Lemle assumes role of HCEA president

He moves into the post as the union recently ratified new contract

August 04, 2011|By Joe Burris, The Baltimore Sun

When Paul Lemle ran for president of the Howard County Education Association, he gave himself a scant shot at winning. Instead, he figured he would introduce himself to the community for future elections while publicly encouraging other candidates to be involved in the county's schools and to understand the community's concerns.

His message came across so well that the electorate decided to vote for the messenger.

And now Lemle presides over a 4,400-member union that includes teachers, counselors, secretaries, clerks, registrars and central office employees. He assumed his two-year term in early July, stepping down from his position as government/law teacher at Wilde Lake High School.

"The voters didn't subscribe to my plan that I would do this in two years or four years," said Lemle, 39, who had served as the HCEA's government relations chair, which handles the interactions between the association and elected officials and coordinated the group's lobbying at the State House.

"When you're running a campaign you never know you're going to win, but it was surprising," said Lemle. "I didn't know our members thought I could do the job."

Lemle is taking over for Ann De Lacy, who served as the union's president for six years.

He assumes office as the HCEA and the Howard school board reached a tentative contract agreement that the union subsequently ratified. The agreement came after the two sides reached a stalemate in negotiations in May. The school board is expected to vote on ratifying the tentative agreement this month.

Howard County Superintendent Sydney Cousin said in a prepared statement that the agreement is reasonable considering current economic problems and added that the school system avoided layoffs and furloughs.

Lemle echoed those sentiments last week in an interview in his Ellicott City office and said it's among the reasons why the school system's reputation is well deserved.

"Howard County is a great place for educators to work," said Lemle. "We have the resources. This place funds its schools right, it builds its schools right and it pays the educators right. Obviously we would want that to be better, but the truth is that for an educator, this is a great place to be.

"The families in the school system support their kids," Lemle said. "They're active. They take part in the extracurriculars. It's worth saying that success breeds success, and the history of this school system is that it's a good one."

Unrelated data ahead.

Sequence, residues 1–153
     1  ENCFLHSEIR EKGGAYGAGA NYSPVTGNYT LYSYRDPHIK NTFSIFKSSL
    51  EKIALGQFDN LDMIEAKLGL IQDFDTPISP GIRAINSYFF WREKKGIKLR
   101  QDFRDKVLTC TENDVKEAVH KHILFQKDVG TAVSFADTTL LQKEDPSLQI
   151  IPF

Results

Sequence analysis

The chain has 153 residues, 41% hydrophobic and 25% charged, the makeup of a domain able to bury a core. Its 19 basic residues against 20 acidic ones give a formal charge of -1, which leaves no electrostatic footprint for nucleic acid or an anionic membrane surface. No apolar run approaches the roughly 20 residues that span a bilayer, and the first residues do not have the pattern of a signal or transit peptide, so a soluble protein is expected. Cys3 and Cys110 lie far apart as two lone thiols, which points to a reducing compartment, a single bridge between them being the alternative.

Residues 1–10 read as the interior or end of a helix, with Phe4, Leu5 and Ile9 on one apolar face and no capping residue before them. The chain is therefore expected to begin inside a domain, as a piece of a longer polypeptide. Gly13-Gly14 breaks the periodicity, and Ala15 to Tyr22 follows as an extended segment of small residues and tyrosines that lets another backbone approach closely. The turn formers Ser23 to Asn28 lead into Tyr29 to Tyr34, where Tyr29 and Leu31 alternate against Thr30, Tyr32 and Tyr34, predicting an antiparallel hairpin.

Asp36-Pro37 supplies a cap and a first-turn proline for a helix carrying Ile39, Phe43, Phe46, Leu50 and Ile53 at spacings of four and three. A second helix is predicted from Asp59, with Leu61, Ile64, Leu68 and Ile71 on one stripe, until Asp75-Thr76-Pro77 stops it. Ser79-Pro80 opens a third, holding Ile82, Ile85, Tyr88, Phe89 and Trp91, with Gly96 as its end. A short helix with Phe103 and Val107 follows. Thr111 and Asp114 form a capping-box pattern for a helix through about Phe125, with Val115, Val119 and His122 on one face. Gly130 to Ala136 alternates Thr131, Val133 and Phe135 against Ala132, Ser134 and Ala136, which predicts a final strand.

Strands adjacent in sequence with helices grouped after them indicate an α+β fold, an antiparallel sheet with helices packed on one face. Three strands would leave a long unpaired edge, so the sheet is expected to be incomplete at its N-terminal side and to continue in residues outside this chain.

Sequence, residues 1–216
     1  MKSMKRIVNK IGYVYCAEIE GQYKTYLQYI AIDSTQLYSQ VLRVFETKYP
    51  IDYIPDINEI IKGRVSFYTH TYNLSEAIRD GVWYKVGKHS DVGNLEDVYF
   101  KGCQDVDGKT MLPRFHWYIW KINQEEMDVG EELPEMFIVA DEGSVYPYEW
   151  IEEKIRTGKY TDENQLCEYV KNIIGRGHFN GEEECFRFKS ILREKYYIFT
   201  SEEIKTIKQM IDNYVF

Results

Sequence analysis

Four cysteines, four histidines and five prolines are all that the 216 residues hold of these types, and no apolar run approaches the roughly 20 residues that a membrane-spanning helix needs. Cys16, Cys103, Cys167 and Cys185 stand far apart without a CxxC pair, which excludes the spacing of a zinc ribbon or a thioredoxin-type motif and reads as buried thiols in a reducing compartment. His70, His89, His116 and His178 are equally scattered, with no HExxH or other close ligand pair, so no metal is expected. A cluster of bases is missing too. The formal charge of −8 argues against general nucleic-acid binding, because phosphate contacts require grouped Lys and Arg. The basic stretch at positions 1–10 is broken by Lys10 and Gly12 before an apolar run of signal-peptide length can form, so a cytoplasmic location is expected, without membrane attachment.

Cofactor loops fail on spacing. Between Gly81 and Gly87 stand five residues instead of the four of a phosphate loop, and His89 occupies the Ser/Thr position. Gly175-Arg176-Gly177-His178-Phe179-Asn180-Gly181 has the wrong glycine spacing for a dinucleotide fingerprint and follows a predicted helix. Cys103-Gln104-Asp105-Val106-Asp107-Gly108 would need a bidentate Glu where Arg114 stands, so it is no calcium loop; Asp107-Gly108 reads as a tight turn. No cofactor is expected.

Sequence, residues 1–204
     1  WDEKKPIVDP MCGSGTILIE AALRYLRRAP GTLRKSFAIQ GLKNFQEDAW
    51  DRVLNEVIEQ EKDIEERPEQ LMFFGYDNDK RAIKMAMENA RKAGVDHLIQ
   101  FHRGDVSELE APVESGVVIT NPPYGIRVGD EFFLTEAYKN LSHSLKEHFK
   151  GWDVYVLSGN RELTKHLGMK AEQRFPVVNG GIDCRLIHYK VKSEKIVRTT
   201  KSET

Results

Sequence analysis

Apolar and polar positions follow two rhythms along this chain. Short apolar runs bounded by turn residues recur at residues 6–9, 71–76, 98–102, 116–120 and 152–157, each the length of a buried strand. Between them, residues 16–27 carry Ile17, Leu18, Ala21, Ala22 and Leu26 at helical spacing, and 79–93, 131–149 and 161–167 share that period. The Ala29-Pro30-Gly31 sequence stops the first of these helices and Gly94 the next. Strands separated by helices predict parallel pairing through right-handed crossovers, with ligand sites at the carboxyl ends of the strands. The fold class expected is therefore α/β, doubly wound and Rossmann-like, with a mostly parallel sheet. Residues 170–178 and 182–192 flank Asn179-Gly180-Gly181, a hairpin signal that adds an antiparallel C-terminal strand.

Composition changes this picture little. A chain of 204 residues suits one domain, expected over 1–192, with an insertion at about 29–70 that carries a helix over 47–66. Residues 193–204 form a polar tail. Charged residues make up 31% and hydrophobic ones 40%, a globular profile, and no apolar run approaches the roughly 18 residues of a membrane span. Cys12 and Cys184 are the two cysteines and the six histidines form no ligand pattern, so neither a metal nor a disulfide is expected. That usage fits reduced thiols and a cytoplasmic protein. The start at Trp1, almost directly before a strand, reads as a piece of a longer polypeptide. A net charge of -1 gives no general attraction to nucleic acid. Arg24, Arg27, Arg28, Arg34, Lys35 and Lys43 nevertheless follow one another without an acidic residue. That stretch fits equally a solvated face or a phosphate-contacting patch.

Lemle said that the school system faces similar challenges of school systems across the country: providing quality education for all of its students as classes become more diverse racially, culturally and socioeconomically.

"How do you educate everyone at that same high standard?" Lemle said. "The school system is about 14.5 percent students who receive free and reduced[-price meals]. That's a high number for a suburban school district. We have some students in poverty. The challenges facing them are the reverse of our upsides; their parents are going to work that second job and not be as available to provide that homework help."

He takes over the educators union at a time when white students have become the majority minority in the school system, redistricting plans are being considered and County Executive Ken Ulman recently announced that he is forming a commission to study the structure of the elected school board after residents raised concerns about its racial and geographical makeup. It includes one minority and no residents from Columbia or Elkridge.

Lemle, the father of two adopted sons from Ethiopia, said that he has often heard the same concerns from parents about the school system's educators. "The truth is, I'm not sure the best way to address it," Lemle said. "I obviously want a diverse workforce; it's a cliche but the marketplace of ideas is real. Students benefit from seeing and learning from diverse staff. But I don't know how the school system addresses diversity in hiring."

Lemle also said that he and other educators are closely observing the controversy surrounding the school board, which recently voted to oust fellow member Allen Dyer.

"The board does policy and their policy very much affects all the educators," Lemle said, "but I'm not sure when what seems like their personal inability to get along will start affecting their work, if it hasn't. My hope is that they can figure out a way to put their disagreements aside and do their work."


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